Sunday, February 14, 2010

11. Homer & Langley: A Novel by E. L. Doctorow

Homer and Langley Collyer were real-life hoarders who lived in New York during the first half of the twentieth century. In his new novel, E.L. Doctorow appropriates the famous brothers as characters and tells a fictional story around them. Most of the details and side characters are made up, but in some cases they are drawn from items found in the 140 tons of junk removed from the house on 5th Avenue after the brothers were found dead. So the novel provides a back story for the collection of old bicycles, the musical instruments, the thousands of newspapers and books, the old medical equipment, and the Ford Model T in the dining room. All these are explained in the story so that, while they aren't exactly normal things to obsessively bring into a house they at least seem like reasonable acquisitions at the time.

In addition to the fictitious account of the two brothers, the novel is about a time and place- New York City from the 1920's through the 1960's. It reminded me a bit of Forrest Gump the way pivotal events of those decades kept passing through their lives. Silent films, Jazz musicians, Gangsters, speakeasies, two world wars, Japanese internment camps, and a group of free-spirited hippies all play a role in this fictional account of the reclusive brothers lives. Doctorow even gives them an additional two decades to extend his story through the 1960's whereas the real Collyer brothers died in 1947.

What is fascinating about the novel is the way that the tragedy sneaks up on you. We know that this will end with an almost complete withdrawal from society, chronic hoarding, and the brothers dying amid the junk that has consumed their rotting Harlem brownstone. Yet at the beginning of the novel they seem almost completely normal. Homer begins to loose his eyesight as a teenager and soon he is completely blind, yet he remains fairly normal despite the handicap. Langley returns from World War I the victim of a gas attack with a persistent cough and the seeds of mental instability that will eventually be the brother's downfall. Still, they have a cook and a housekeeper and a large sum of money left by their parents. They have interests, they host and attend parties, and they go out frequently to walk and interact with the world. Gradually they withdraw, or they encounter events that make them more fearful and guarded against the outside world. Eventually, they are boarding up the windows and living as shut-ins without electricity or running water.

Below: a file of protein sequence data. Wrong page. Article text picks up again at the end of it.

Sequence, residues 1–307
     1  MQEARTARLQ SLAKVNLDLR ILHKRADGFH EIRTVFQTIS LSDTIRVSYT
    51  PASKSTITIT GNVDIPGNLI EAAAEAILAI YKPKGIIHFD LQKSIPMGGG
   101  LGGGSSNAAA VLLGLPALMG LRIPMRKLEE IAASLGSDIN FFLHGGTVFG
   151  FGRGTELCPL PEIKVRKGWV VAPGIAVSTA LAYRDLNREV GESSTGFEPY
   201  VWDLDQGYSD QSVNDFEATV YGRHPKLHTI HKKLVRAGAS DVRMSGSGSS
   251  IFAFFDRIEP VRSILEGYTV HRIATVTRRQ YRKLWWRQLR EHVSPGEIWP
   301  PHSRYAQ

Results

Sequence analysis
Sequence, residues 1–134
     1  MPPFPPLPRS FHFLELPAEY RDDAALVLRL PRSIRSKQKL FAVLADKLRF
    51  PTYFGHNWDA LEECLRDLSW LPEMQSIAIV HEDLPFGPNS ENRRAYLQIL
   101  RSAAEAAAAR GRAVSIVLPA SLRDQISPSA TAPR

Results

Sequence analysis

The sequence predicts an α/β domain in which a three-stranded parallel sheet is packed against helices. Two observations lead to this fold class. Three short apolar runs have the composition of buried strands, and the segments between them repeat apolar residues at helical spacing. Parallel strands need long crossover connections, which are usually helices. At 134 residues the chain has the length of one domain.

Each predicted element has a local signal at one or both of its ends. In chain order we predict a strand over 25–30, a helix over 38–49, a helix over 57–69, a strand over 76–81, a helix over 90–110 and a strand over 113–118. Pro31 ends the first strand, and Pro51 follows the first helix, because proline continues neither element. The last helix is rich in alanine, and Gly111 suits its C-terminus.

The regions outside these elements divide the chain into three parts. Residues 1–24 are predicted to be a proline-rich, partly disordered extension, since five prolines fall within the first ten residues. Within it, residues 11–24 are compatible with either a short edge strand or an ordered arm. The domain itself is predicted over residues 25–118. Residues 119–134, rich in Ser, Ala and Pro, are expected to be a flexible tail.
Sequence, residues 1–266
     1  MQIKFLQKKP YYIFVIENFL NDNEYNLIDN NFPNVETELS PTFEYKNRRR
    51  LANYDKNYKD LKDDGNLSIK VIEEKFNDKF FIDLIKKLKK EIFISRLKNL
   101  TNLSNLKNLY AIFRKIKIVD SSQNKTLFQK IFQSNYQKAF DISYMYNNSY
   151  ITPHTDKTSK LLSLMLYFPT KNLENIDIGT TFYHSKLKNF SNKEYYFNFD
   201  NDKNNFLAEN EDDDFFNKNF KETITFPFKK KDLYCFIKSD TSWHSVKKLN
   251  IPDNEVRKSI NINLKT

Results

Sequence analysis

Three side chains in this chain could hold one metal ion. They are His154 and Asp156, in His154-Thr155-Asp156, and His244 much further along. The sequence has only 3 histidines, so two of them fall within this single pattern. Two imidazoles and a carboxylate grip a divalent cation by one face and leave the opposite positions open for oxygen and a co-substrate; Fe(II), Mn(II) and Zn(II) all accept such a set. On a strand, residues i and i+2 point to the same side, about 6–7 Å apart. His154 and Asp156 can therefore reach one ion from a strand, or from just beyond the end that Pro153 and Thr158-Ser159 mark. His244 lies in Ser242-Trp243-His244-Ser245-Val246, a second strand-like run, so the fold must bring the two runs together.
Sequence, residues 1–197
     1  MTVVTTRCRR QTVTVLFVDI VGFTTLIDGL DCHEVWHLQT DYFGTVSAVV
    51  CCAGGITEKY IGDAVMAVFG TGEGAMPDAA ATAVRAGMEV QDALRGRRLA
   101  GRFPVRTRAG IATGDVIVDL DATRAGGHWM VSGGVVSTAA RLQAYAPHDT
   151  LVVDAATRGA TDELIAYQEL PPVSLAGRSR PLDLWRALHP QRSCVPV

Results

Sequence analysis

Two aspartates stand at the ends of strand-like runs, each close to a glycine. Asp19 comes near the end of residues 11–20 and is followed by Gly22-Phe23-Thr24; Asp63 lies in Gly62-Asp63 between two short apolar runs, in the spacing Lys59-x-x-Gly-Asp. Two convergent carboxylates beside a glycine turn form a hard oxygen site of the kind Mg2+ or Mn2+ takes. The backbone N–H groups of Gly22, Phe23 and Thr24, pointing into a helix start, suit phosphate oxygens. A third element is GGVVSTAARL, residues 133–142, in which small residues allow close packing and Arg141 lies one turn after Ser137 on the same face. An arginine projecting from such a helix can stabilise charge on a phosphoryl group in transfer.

The story is especially tragic because it is told from Homer's point of view in the first person. Homer's blindness makes him very dependent on Langley, who is clearly the more disturbed of the two. Homer seems crazy by proxy, conforming to the eccentric behavior exampled by his brother because that is all he knows. Homer is intelligent and insightful. He is easygoing and for the most part he is happy. He is sometimes worried about his brother, and the deterioration of the conditions they live in, but mostly they get along well and enjoy their life.

The story, too, is mostly happy and uplifting. It is episodic and spans a large part of early twentieth century American history. It is touching and thoughtful and well-written by Doctorow. This is one I am comfortable recommending to anyone who likes to read, watches "Hoarders" on A&E, and wishes Fincher did a better job with Benjamin Button.

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